83 Commercial Street

West End Racing Club
The West End Racing Club sounds like a place whose members dress in commodores’ outfits, but it is in fact a nonprofit organization begun at Flyer’s Beach in 1950 that teaches children to swim and sail. Their shoreline clubhouse at 83 Commercial Street was finished and dedicated in 1957 on “the same ground where once stood the old Wharf Theater.” This building was to house summer activities and provide a wintertime storage area for the boats.

Here is a bit of history from its Web site: “Begun in 1950 as a loosely organized gang of kids congregating at ‘Flyer’s beach’, it soon became apparent to a number of parents that more boats and a proper club house were needed. Francis Santos, Larry Richmond, Richard Santos, Frank Rogers, Joe Andrews, Fillmore Miller and Will Hurlburt joined together to solidify a common goal: to give kids in Provincetown an opportunity to learn how to sail and enrich their lives with nautical knowledge and experience. During the winters several of these handy fathers built small boats called Weasels from kits and the fleet began to grow. Calling on the generosity of local artists, paintings, drawings and sculptures were donated and raffles were held raising enough money to buy the waterfront property where the club is today. As the kids grew, so did the fleet — with the addition of five Blue Jays built by Larry Richmond, Dick Santos and Lloyd Atwood.”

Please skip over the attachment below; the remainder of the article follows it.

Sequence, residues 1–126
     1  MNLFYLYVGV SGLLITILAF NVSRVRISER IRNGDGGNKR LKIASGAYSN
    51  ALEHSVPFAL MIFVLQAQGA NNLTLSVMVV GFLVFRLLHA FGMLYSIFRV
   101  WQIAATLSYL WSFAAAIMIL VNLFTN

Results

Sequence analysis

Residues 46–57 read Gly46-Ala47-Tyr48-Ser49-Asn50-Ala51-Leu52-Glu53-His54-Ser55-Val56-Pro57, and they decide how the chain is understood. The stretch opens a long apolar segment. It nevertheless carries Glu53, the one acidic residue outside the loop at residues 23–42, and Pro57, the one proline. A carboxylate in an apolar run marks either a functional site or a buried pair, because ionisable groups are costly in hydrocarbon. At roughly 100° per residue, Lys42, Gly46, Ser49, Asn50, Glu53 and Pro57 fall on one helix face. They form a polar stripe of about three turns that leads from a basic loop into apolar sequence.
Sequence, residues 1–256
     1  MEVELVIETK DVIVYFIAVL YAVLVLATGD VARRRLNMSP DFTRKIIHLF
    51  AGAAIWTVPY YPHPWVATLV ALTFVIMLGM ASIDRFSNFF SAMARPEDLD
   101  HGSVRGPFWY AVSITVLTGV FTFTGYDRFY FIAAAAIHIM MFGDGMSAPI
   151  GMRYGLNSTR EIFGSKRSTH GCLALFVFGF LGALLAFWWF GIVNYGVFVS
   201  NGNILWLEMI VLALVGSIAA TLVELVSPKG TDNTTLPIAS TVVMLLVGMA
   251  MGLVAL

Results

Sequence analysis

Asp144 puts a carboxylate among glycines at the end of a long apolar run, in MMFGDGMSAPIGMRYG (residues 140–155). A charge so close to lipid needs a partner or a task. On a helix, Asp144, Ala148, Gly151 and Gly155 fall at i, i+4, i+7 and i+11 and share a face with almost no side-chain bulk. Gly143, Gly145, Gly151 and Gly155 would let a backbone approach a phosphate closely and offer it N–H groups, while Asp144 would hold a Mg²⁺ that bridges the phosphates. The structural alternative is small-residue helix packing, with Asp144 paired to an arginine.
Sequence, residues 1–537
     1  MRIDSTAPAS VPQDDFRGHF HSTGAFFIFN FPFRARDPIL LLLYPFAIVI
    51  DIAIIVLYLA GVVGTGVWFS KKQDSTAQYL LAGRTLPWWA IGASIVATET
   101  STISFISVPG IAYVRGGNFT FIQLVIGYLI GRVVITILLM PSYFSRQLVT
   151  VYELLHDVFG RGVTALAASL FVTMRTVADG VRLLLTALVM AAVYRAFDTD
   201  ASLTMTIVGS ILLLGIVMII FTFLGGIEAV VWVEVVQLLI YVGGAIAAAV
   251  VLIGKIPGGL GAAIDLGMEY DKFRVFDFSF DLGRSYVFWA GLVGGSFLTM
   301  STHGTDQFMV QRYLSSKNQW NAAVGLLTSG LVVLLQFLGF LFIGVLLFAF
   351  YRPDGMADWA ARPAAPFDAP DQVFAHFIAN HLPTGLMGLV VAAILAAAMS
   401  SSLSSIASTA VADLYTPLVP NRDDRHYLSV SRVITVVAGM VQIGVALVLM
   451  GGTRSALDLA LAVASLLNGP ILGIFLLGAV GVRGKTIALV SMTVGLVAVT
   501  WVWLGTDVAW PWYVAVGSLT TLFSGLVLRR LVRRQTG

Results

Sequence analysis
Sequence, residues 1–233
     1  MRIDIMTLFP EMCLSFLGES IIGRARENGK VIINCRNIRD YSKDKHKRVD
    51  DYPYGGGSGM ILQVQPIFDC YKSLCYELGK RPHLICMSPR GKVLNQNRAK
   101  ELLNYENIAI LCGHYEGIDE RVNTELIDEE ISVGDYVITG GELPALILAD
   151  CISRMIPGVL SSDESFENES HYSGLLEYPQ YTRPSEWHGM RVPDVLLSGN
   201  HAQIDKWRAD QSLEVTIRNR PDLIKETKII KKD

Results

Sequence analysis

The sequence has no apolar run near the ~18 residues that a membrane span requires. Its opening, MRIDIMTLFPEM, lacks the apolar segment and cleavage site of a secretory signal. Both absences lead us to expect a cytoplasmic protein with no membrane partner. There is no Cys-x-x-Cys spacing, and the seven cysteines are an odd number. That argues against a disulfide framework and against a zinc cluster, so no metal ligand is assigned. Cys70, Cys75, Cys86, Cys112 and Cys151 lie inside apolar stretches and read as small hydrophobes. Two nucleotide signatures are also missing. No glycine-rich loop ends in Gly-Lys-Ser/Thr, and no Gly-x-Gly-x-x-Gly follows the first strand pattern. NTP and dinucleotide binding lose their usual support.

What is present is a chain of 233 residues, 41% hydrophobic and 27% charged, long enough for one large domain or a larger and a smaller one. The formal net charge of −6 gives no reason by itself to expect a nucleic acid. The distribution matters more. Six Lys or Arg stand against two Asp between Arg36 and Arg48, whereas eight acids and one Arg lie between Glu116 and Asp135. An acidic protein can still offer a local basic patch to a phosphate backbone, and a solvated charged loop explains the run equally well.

2 thoughts on “83 Commercial Street

  1. I am always amazed to see that the “artwork” at the club still exists after all these years.

    I painted the signal flags on the rafter, and the doors — gulls and buoys — on a rainy day back in 1972. I also painted a large compass rose on the floor but it didn’t last long given our always wet, salty and sandy feet.

    As anyone can see, the paintings are proof of what my Dad used to like to call the “myth” of the artistic gene. My grandfather would have wondered where it all went wrong.

    By the way, the flags on the rafter spell out: Welcome to the WERC.

    Our Skipper back in those days was Tommy Dahill (see 51 Commercial Street). The WERC was (and still is) a wonderful place for all the kids and remains a tribute to Flyer and the other gentlemen who made the harbor accessible to us all.

    • What a great story of provenance, Amy. Readers who do not otherwise know may be interested to learn that the grandfather to whom you refer was the great painter John Whorf.

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